Date: April 13, 2018
Location: PSB 160/161
Speaker: Philip Anfinrud (National Institutes of Health)
Title: Watching Proteins Function in Real Time via Picosecond X-ray Diffraction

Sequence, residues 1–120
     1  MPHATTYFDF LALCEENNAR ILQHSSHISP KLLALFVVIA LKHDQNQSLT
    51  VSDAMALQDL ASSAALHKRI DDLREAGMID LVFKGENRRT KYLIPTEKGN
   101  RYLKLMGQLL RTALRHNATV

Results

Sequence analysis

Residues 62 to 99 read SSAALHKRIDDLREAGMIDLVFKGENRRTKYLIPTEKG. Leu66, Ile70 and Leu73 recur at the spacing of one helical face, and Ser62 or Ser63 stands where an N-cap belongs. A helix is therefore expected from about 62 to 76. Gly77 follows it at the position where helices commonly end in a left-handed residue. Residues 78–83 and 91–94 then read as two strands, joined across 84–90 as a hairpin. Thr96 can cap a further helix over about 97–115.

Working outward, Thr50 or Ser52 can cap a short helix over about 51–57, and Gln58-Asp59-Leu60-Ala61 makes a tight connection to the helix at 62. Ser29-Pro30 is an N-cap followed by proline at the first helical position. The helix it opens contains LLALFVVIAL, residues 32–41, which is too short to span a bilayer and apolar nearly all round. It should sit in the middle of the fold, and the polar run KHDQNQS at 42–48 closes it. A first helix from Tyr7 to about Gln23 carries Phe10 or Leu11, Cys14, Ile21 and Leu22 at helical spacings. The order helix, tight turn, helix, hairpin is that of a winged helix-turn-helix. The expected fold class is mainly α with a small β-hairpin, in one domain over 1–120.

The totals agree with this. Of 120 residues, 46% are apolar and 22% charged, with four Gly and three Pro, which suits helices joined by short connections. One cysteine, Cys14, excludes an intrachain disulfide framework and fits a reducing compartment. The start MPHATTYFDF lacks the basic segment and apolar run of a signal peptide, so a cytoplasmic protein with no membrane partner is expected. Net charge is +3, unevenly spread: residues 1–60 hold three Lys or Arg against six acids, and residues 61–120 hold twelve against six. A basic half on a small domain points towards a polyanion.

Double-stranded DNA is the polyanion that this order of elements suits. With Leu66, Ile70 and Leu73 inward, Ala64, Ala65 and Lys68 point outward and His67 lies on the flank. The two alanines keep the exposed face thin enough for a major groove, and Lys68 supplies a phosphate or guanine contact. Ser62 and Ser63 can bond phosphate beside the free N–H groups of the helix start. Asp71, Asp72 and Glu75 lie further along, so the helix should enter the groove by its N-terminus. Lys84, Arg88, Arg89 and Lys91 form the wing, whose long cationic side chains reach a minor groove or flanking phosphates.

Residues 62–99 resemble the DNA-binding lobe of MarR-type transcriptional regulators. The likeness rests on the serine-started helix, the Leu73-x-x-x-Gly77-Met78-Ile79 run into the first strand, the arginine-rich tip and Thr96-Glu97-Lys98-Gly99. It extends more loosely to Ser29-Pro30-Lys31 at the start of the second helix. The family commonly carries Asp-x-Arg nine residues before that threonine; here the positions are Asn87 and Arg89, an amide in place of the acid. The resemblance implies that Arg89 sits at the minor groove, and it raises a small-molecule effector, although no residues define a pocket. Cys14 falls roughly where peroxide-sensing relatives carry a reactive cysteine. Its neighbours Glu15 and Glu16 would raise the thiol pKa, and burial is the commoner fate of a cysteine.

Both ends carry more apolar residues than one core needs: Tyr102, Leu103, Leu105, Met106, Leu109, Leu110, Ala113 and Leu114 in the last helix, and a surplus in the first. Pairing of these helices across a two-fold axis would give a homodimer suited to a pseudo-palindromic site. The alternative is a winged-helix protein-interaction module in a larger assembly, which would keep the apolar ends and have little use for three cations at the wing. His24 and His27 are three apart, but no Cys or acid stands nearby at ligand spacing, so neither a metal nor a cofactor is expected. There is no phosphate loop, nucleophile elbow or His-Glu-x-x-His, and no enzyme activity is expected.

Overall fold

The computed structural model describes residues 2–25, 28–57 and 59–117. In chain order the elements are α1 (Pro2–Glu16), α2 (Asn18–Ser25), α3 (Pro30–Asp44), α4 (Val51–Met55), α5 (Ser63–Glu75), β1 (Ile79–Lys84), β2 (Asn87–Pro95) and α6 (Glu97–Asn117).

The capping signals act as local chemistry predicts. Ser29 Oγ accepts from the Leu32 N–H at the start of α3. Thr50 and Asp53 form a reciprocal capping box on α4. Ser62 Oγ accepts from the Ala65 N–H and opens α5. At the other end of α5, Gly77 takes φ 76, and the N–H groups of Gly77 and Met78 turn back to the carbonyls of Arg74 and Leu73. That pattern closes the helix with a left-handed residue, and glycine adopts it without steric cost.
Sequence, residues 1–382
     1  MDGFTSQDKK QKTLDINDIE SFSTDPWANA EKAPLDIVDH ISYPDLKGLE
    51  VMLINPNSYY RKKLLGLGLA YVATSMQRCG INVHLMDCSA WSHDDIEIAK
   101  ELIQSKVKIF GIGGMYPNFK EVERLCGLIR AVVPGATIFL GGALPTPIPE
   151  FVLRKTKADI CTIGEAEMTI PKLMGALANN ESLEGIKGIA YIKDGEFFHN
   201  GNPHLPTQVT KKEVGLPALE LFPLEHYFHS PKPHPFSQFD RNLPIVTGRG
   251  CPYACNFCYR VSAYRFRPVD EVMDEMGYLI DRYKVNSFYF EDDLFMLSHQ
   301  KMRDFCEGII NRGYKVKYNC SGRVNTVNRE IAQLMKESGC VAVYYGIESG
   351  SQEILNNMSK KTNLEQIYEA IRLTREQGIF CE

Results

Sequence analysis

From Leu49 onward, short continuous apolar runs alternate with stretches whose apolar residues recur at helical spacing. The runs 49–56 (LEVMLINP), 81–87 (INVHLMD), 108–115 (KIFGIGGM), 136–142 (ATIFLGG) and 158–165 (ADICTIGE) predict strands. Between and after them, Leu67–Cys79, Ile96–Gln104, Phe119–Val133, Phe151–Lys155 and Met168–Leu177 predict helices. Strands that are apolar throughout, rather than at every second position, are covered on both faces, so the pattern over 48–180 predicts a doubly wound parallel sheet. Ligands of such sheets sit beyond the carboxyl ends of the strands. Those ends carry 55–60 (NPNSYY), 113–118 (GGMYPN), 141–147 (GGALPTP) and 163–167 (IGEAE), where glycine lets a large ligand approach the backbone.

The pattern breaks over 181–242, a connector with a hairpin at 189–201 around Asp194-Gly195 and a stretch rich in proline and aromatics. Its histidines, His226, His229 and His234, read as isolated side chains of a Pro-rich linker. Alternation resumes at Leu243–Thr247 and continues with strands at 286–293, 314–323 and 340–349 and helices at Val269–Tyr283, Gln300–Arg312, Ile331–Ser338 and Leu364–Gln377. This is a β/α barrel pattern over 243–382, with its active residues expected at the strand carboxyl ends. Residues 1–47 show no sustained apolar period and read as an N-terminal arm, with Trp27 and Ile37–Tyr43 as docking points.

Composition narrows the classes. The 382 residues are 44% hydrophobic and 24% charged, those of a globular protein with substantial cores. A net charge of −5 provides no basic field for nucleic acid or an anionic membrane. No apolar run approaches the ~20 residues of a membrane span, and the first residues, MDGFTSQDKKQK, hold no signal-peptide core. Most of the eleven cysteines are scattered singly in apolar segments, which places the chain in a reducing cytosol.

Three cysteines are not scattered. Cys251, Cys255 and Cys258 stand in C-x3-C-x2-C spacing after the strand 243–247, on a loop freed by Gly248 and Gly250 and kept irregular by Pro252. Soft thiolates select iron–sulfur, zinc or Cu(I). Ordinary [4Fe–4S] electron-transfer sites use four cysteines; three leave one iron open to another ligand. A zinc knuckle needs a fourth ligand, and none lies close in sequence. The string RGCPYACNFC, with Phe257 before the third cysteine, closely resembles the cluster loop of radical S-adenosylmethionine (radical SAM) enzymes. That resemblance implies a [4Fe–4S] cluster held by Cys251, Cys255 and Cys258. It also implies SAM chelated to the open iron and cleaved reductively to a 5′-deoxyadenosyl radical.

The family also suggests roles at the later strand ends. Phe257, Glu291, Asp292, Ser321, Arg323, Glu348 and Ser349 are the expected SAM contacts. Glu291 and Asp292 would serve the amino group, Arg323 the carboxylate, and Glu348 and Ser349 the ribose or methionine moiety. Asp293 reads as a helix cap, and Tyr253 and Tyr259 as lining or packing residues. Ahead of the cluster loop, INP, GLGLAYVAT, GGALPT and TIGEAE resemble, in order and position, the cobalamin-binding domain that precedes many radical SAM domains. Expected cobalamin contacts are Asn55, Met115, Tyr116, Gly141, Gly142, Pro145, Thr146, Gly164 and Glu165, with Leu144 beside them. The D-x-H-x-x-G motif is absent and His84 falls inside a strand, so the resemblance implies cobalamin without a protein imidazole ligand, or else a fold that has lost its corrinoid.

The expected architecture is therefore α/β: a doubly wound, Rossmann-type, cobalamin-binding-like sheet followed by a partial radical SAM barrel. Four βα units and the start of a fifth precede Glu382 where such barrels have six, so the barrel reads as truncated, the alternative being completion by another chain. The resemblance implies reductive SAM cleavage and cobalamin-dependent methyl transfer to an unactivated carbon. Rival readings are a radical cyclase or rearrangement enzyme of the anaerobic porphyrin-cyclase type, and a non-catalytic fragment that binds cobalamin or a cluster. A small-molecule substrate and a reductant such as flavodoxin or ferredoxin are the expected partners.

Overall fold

Abstract: To understand how a protein functions, it is crucial to know the time-ordered sequence of structural changes associated with its function. To that end, we have developed numerous experimental techniques for characterizing structural changes in proteins over time scales ranging from femtoseconds to seconds. This talk will focus primarily on time-resolved X-ray studies performed on the BioCARS beamline at the Advanced Photon Source, which allowed us to characterize structural changes in proteins with 150-ps time resolution. We have used this capability to track the reversible photocycle of photoactive yellow protein following trans-to-cis photoisomerization of its pcoumaric acid (pCA) chromophore. Briefly, a picosecond laser pulse photoexcites pCA and triggers a structural change in the protein, which is probed with a suitably delayed picosecond X-ray pulse. When the protein is studied in a crystalline state, this “pump-probe” approach recovers time-resolved diffraction “snapshots” whose corresponding electron density maps can be stitched together into a real-time movie of the structural changes that ensue . However, the actual signaling state is not accessible in the crystalline state due to crystal packing constraints. This state is accessible in timeresolved small- and wide-angle X-ray scattering studies, which probe changes in the size, shape, and structure of the protein [2,3]. These studies help provide a framework for understanding protein function, and for assessing and validating theoretical/computational approaches in protein biophysics . This research was supported in part by the Intramural Research Program of the NIH, NIDDK.